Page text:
It is less complicated to diagnose the instinct-based leadership in an entrepreneurial organization. It is all about the naturally born entrepreneur trusting the combination of Quick Start insistent drive and back-up Fact Finder strategies. Without much Follow Thru budget making, a stand-alone entrepreneur needs to use the power of Quick Start persuasion to cut deals, and rope friends, family and vendors into becoming uncompensated co-conspirators. Of course, those who fill the need for creating Follow Thru systems are also essential. When a true entrepreneur builds an organization to the point where it requires the type of leadership team noted above, it is time for him or her to move on – and do it all over again.

Leadership is not just about the use of conative instincts. But, nothing in my experience indicates that leaders, regardless of their M.O.s, initiate problem solving by using processes they have been taught. Their cognitive powers come into the process when they edit their instincts – and certainly when they second guess them. Leaders’ actions, triggered by whatever motivates them, are as tied to their instincts as their best salesperson’s instincts are tied to asking for the order. I do not belittle the power of the cognitive (it is not an after-thought in the Kolbe Creative Process). It’s a matter of what comes first.

Instincts are precognitive. If that weren’t true, we would have no heroes – or top leaders. Having closely observed the creative efforts of thousands of leaders in vastly different types of problem solving situations, I have yet to see an example of solutions being initiated by them during a period of contemplation. The actions that spark productivity are born from the innate, authentic powers of a leader’s instinctive drive.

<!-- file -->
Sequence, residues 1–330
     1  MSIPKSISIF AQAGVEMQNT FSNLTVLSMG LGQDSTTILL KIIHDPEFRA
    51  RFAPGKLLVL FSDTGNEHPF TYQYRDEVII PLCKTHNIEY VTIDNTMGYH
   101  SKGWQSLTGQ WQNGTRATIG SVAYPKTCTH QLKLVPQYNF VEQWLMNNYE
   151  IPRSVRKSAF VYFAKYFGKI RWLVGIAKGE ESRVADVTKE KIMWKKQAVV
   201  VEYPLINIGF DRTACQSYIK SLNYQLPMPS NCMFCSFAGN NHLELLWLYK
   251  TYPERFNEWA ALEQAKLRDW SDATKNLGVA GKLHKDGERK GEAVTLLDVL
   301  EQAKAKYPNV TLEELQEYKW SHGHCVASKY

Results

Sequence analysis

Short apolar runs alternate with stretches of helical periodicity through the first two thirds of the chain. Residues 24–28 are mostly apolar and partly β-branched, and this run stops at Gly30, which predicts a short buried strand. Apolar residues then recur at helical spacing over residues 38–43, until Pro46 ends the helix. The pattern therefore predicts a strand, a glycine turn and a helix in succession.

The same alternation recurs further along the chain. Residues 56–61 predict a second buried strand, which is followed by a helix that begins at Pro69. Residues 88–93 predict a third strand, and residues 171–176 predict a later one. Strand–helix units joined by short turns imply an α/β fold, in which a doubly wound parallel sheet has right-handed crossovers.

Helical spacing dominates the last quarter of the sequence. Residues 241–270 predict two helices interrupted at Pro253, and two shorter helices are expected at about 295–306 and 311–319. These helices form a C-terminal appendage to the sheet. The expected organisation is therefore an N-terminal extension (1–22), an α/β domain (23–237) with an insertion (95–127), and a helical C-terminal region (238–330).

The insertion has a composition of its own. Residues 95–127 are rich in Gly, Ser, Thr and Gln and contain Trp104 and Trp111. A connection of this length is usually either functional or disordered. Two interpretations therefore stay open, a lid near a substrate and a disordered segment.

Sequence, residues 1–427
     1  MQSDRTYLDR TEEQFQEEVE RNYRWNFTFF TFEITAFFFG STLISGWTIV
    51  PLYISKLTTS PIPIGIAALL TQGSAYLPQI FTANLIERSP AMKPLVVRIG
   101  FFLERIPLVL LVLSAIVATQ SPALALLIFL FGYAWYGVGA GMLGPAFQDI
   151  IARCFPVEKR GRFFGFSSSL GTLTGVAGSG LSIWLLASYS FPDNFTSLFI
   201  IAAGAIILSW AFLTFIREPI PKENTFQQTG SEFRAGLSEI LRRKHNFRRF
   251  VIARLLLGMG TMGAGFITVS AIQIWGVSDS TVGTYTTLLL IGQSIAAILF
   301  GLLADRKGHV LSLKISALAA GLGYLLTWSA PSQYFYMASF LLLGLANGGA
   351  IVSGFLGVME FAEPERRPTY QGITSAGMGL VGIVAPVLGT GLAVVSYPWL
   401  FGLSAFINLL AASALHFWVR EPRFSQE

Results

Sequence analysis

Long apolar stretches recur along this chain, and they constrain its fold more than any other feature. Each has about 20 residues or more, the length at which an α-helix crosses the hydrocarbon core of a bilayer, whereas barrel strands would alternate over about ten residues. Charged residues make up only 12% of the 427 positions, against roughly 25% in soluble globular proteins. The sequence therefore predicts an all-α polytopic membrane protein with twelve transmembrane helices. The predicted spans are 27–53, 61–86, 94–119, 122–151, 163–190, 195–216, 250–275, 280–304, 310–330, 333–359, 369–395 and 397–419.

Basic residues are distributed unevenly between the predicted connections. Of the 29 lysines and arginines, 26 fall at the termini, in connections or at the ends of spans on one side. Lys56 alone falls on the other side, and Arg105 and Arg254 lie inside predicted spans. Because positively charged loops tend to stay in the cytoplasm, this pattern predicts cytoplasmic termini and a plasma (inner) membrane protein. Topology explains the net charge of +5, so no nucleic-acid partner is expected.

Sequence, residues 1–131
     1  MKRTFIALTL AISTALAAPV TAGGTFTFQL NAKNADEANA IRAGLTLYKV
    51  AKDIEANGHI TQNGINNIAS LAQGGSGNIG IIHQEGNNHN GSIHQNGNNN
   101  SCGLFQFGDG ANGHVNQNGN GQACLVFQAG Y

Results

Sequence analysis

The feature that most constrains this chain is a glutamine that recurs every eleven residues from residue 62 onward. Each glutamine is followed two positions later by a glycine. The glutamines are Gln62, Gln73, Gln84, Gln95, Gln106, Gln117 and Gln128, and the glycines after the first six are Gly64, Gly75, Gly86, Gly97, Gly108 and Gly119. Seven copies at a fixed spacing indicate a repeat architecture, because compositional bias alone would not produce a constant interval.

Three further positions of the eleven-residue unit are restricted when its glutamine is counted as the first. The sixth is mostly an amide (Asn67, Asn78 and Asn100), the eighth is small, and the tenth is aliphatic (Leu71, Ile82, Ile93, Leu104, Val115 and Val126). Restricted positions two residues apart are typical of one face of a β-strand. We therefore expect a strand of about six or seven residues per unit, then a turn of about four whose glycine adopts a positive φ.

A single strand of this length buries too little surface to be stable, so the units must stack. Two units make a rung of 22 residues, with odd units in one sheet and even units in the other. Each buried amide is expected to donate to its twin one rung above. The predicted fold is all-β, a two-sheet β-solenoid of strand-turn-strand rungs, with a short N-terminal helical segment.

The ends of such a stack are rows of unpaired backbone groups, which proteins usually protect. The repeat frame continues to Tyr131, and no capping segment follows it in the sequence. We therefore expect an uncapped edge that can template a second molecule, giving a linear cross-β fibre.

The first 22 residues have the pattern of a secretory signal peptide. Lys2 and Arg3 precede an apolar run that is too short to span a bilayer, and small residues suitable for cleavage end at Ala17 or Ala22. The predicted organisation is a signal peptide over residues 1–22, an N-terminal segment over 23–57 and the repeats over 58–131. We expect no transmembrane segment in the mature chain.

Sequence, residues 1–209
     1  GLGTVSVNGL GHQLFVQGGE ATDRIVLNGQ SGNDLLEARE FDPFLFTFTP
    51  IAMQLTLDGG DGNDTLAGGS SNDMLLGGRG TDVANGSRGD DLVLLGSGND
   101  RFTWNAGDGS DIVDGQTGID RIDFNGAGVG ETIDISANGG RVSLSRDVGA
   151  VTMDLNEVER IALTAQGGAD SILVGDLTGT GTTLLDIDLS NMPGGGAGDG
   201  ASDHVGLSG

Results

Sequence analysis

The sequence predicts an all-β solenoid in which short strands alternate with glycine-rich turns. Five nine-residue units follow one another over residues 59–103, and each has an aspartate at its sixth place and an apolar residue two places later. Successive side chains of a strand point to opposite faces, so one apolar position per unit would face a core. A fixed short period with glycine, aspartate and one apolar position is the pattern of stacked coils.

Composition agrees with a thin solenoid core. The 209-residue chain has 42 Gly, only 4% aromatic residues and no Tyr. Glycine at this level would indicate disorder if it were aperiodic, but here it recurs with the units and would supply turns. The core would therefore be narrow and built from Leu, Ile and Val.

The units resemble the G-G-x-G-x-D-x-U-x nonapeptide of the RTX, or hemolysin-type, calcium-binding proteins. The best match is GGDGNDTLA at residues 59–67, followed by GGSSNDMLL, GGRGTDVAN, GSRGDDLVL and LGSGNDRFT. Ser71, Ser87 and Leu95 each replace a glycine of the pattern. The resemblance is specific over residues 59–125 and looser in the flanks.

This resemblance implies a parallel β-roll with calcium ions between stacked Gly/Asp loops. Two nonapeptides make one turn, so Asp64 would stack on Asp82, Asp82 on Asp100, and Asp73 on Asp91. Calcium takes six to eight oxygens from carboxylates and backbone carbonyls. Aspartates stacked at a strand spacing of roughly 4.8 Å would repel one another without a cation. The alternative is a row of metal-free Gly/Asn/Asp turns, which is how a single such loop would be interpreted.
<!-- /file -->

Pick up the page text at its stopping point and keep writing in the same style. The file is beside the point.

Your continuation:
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Doing Nothing On Demand

One of my 5 Rules for Trusting your Instinct is
      Do Nothing – when Nothing Works¹

Rule-5-Do-nothing-when-nothing-works

 

 

 

 

 

 

 

So why did I get so angry when traveling companions told me that they were committed to making sure I did not work while I was on vacation?

Because:

1.  If what I am doing is working for me, I do not need to, nor do I want to stop doing it.
2.  Deciding, of my own volition, when I will Do Nothing is essential for my acting according to my Free Will.
3.  What I do – my work – is my joy. To not be able to do it would be agony.
4.  Unless I am mentally incompetent, self-managing my mental energy is essential for me to be a productive human being.
5.  It is not a hardship for me to do what I do, and Doing Nothing is not something I would ever consider to be a reward.
6.  Doing Nothing ought never to be demanded by or enforced by others. It would be an attempt to assert their Will or control over my freedom to be myself.
7.  My work is my purpose. Rob me of it and you have taken my life.
8.  For me to be put in a place where I could only Do Nothing for an extended period of time would be putting me in Purgatory.
9.  Without striving to Do what I do, it would be impossible for me to thrive.
10.  I cannot plan ahead to Do Nothing, or prevent the need to Do Nothing. I have to Do Nothing On Demand – but not the demand of others.
11.  The appropriate demand to Do Nothing comes when my instincts require that I take a break – not when others think it is a good time for me to stop working (sorry Mom, well-meaning friends, and government/corporate regulators).

My instincts have sometimes had to scream pretty loudly for me to stop working (accidents are no accident). My instincts always have and always will have the final say.

1. Kathy Kolbe, Powered by Instinct (Momentus Press, 2004)